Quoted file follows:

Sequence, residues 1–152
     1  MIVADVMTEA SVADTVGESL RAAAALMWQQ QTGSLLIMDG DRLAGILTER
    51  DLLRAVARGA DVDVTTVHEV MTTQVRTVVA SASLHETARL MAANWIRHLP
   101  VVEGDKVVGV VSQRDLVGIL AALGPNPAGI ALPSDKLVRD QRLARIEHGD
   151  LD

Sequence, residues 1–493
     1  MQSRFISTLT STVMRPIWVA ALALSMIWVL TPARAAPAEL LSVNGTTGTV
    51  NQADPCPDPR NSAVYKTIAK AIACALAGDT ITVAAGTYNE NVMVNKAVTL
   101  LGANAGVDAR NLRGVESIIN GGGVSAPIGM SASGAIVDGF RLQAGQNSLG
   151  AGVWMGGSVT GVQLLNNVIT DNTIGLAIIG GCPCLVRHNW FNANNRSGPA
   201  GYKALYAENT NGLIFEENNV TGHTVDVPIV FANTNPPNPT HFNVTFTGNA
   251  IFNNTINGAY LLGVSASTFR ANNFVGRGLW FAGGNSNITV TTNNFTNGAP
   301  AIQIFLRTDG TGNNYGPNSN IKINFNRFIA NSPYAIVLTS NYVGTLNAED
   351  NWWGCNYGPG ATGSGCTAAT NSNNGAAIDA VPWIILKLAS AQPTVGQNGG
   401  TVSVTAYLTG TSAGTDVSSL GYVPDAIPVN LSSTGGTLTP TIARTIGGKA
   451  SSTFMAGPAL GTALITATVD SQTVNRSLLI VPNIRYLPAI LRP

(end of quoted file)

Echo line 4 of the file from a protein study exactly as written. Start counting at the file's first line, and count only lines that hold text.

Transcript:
   101  VVEGDKVVGV VSQRDLVGIL AALGPNPAGI ALPSDKLVRD QRLARIEHGD